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Excavation Technology in Kalkriese

The work of an excavation technician consists of planning, technical management and execution of archaeological excavations or surveys, as well as of their documentation.
After all, excavations lead to a »controlled« destruction of the examined areas, which is why they must be carried out with utmost care. Treatment and documentation of artifacts as well as how archaeological finds are recovered form the basis of a successful scientific evaluation and restoration.

Excavations in Kalkriese

For our excavations at the Oberesch, this means that upper soil layers, e.g. the Plaggen soil layer, which is up to one meter thick, is removed with a shovel excavator. As soon as we have reached the soil level, i.e. the ground surface on which people lived 2,000 years ago, the excavation continues by hand: Thin layers of soil are removed with shovels. The area under examination is surveyed with a metal detector each time before a new layer is removed. The position of each find – its exact coordinates and the elevation at which the artifact was found – is carefully documented. Then the finds are carefully removed from the ground and entered into a map of the entire excavation area. In spite of all diligence, it is possible that especially small objects or badly preserved metal artifacts are overlooked sometimes. For this reason, the excavated soil is sifted to make sure we don’t miss any finds.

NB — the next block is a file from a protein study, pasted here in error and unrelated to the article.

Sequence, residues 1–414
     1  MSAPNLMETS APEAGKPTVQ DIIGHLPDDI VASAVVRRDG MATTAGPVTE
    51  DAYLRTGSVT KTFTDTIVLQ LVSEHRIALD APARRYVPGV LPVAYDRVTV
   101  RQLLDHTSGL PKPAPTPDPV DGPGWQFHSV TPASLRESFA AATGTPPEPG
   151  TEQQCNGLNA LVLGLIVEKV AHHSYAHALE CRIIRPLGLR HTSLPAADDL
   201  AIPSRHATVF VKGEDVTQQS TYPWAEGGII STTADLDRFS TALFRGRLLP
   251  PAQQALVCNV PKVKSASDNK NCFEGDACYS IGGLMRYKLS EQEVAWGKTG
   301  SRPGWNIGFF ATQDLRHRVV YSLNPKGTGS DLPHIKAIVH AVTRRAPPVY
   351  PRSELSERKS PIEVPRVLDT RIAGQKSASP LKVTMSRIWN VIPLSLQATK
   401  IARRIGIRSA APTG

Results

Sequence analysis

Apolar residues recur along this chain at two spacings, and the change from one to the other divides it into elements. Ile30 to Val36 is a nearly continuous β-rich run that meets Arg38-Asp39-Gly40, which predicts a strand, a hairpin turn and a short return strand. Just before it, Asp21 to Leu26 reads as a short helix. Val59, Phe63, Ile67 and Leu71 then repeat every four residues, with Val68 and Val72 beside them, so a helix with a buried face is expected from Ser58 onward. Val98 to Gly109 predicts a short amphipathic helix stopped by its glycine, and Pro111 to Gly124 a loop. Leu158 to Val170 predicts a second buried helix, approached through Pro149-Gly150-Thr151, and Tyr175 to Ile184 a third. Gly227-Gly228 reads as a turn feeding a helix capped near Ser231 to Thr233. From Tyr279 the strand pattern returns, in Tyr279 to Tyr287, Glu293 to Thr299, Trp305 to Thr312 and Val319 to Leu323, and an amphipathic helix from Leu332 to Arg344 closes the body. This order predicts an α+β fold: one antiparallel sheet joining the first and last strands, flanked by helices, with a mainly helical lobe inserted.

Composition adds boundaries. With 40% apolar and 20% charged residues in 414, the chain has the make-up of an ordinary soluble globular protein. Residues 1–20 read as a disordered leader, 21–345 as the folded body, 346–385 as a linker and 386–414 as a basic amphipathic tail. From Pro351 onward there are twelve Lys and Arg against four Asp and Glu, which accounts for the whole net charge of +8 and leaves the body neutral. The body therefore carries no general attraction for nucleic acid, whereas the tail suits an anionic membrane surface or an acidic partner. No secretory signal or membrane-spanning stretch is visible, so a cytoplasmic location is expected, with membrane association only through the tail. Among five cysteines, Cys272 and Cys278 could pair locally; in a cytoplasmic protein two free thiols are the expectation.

If discolorations are detected in the exposed soil layer (planum), the ground is »cleaned« meticously millimeter by millimeter with shovels, so that all prominent features of the ground (colors or structures) become clearly visible and can be photo-documented first. Measures are taken with an electronic tachymeter. The maps drawn in this manner form the basis of a later evaluation and representation of all excavation findings in their context. In addition to drawing a ground plan, the excavators must also cut into deeper soil layers to create a profile (in the case of a large number of findings several profiles) for all finds from the soil surface. The documentation is carried out in the same manner as for the planum. The resulting maps combined reveal information regarding both construction and function of the respective findings.

The work of excavation technicians and their assistants is not limited to working on the actual excavation sites. The finds must also be cleaned, labeled, given check slips, packaged and inventoried. Moreover, all this information must be stored in a database. The photographs must be organized and archived, as must be the excavation maps and drawings. These steps are followed by the time-consuming evaluation process, which usually takes at least as much time as the actual excavation.